The international food standard setting body, Codex Alimentarius Commission, reconvened its Intergovernmental Taskforce on AMR (TFAMR) in 2016 to specifically address AMR in the food chain. But this taskforce is now having to deal with substantive political issues as negotiators try to navigate differing developed/ developing food production issues as well as some deep divisions between the EU and the US regulatory approach to AMR, food safety, and trade. The next negotiations in December may prove equally as difficult.
The new measures in the EU regulatory pipeline include: commitments to avoid routine prophylactic and metaphylactic use (disease prevention); banning the use of antimicrobials in animals for growth promotion or yield increase; and importantly, reserving certain antimicrobials for treatment of infections in humans only (specifically, antibiotics from WHO List of Critical Antimicrobials). The EU intends for these measures to be compatible with all international agreements, including WTO national treatment obligations.
The EU’s approach to implementing trade policy measures (i.e. import restrictions) was not contested in the TFAMR. However, comments made in the WTO SPS Committee demonstrates the highly political nature of AMR food safety measures such as import restrictions and testing of food imports.
Australia, responding to the EU’s statement to the WTO SPS meeting, is contained at Section IV 1.21 is of interest. It included registering “…concern that any measures to restrict access to the prophylactic use of antimicrobial in food animals would have significant adverse impact on exports of Australian and other livestock animal products.” This is a strong statement that will have been noted given Australia is a major food producer and exporter and would be seen as joining in with other countries critical of the EU’s intentions to address prophylactic use of antimicrobials contributing to AMR.
AMR One Health Strategies: Trade Policy Cohesion Gap
In general, the operations of Codex and the WTO are not understood by the broader community, nor unfortunately by many politicians and policy experts responsible for implementing AMR One Health Strategies. Codex defines food safety and its decisions relevant in SPS actions and WTO dispute provisions. Trade negotiators understand these subtle linkages, and the global spread of AMR is facilitated by “trade.”
The efforts made to reduce antibiotic use in the community are welcome, but without back-up diagnostics, can also be costly or dangerous and constitutes only one aspect of the larger AMR problem. Trade policy needs to be assessed through an AMR lens to ensure broader health security criterion is driving decision making. Like many others, Australia’s food chain is not yet regulated or tested for AMR microorganisms, be it domestically or in international imports. There are many issues yet to be understood and acted upon.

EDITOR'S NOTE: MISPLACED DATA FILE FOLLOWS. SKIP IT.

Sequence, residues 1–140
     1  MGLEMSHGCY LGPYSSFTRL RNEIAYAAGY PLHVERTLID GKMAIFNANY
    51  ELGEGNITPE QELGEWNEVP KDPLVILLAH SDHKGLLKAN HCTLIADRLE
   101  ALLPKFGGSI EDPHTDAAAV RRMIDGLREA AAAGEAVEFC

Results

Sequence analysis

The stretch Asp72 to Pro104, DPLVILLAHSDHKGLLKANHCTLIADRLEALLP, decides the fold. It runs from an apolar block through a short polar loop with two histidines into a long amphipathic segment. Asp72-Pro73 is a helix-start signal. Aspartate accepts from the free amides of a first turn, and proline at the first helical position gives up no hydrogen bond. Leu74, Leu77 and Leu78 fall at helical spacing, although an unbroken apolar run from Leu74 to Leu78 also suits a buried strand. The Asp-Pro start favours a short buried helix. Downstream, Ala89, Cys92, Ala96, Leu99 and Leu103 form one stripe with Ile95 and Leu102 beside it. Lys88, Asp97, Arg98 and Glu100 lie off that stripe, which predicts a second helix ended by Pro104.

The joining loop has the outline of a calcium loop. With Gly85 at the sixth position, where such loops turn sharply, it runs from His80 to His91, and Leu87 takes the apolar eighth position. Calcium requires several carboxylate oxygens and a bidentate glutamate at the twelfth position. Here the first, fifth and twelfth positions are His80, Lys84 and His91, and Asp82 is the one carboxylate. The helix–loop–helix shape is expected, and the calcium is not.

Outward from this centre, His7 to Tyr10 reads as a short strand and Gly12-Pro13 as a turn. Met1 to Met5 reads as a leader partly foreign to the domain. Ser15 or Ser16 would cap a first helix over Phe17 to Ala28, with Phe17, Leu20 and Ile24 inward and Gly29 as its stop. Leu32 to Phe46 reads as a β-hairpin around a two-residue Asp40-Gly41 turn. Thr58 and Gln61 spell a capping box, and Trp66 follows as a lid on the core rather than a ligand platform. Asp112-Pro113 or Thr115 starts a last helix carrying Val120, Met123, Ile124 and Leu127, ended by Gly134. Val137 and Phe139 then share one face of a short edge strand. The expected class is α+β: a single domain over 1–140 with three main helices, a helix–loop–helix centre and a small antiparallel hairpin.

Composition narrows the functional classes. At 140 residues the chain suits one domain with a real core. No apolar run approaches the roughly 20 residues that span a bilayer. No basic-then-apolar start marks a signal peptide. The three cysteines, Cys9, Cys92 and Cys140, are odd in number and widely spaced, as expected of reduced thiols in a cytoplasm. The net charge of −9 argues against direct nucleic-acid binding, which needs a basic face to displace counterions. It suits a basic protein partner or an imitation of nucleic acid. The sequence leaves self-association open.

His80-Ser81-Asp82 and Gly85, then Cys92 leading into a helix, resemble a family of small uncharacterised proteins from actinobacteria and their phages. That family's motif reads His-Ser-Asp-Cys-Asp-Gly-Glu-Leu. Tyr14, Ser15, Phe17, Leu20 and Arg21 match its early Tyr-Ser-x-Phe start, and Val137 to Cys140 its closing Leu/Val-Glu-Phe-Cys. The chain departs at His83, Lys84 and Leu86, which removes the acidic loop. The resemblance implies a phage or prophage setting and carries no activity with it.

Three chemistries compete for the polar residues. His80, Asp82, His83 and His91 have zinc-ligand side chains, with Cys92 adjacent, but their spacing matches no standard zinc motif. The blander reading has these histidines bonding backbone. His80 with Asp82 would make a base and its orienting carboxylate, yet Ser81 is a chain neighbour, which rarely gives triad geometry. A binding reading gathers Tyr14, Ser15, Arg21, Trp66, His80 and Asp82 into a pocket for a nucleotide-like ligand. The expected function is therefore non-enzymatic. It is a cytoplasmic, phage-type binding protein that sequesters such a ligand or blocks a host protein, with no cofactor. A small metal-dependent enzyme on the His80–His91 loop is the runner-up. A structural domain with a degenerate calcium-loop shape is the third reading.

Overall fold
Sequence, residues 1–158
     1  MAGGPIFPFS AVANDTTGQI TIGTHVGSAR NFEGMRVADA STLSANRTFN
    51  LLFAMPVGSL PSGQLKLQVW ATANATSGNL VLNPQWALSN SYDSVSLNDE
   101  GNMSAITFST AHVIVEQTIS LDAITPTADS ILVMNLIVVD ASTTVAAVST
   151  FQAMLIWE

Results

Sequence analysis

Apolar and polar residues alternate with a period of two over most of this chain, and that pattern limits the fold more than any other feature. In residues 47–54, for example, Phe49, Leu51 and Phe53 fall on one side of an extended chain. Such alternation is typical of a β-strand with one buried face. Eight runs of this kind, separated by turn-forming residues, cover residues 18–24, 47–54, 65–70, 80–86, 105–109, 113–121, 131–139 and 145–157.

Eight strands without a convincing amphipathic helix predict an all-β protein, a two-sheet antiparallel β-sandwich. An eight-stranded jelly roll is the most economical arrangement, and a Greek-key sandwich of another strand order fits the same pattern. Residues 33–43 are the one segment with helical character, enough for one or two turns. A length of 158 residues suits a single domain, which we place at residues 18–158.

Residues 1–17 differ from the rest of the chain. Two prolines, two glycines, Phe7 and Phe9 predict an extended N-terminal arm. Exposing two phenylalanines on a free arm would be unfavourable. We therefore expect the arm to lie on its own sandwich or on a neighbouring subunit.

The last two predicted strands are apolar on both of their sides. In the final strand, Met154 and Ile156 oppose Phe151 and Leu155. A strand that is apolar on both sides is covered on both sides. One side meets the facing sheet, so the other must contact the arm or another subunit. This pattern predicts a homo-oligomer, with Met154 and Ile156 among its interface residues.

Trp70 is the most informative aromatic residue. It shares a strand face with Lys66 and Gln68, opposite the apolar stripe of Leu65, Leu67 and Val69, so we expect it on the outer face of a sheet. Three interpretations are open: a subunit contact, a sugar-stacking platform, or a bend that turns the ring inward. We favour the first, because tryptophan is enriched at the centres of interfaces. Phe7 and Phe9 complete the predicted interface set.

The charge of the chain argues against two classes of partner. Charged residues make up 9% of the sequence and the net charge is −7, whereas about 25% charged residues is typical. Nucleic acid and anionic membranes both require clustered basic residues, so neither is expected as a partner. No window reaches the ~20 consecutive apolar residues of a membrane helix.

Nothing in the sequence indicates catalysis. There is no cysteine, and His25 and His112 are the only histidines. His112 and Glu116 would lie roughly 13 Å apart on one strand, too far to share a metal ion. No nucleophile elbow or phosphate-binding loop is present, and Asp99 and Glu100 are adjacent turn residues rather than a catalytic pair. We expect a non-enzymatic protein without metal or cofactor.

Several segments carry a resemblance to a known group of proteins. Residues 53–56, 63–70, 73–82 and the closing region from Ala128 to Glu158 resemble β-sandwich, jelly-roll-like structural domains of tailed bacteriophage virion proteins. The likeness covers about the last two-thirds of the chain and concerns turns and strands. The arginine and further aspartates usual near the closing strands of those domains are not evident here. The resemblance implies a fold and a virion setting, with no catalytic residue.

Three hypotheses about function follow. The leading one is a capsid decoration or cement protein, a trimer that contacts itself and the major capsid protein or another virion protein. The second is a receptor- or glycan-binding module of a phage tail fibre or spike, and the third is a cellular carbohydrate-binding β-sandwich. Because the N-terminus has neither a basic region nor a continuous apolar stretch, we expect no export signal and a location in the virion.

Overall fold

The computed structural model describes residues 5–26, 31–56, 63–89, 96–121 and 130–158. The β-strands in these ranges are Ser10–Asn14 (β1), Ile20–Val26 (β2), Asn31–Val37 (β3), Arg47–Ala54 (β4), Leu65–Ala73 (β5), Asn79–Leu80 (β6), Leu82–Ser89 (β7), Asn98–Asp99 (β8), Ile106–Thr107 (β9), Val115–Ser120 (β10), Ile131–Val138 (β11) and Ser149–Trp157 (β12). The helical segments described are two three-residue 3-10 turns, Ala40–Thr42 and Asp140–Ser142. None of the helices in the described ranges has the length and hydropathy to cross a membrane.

Some in the international financial markets are already well ahead of governments in responding to AMR in the food chain and these developments are filtering through the food industry, pressuring global restaurant chains. Also, asset managers have assessed AMR as a material risk across multiple sectors including food, pharmaceutical, healthcare, insurance industries and have factored in consumer preferences as well as the EU’s AMR health/trade policy. But broad political leadership is still needed to achieve fundamental change.
The Need For A Global Consensus to Mitigate AMR Transmission via Trade
The UK is acknowledged as a global leader in developing AMR policy direction. It established a strong national governance model with clear political direction from an All Party Parliamentary Group, AMR is defined as a Tier One National Security Threat and funds significant AMR development assistance. The UK’s leadership also serves to bolster the EU’s negotiating position in international forums on trade strategies to address AMR, particularly as negotiations are reaching a critical stage.
The UK election in December may result in the UK being tied into FTA negotiations with the EU for some considerable time if the current Brexit deal is approved. But if the UK leaves the EU without a deal, it will urgently seek a quick FTA win with Australia. But in such crisis conditions, the UK may choose to avoid any FTA provisions that could upset the US. A possible scenario could be for the UK to negotiate an FTA with Australia that mimics the AUSFTA framework, adds an ISDS provision, and avoids including the EU’s AMR Trade provisions. Given current US/EU FTA tensions, this scenario would involve Australia making a choice to risk damaging relations with the EU for very little gain.
Anna George is a former Australian ambassador, adjunct professor at the Sir Walter Murdoch School of Public Policy and International Affairs at Murdoch University, and associate fellow at the Centre on Global Health Security, Chatham House.
For those interested in international negotiations, this article provides a background to much of the analysis made in this current article and explains the negotiating process, and provides case studies of the outstanding and sensitive issues.
This article is published under a Creative Commons Licence and may be republished with attribution.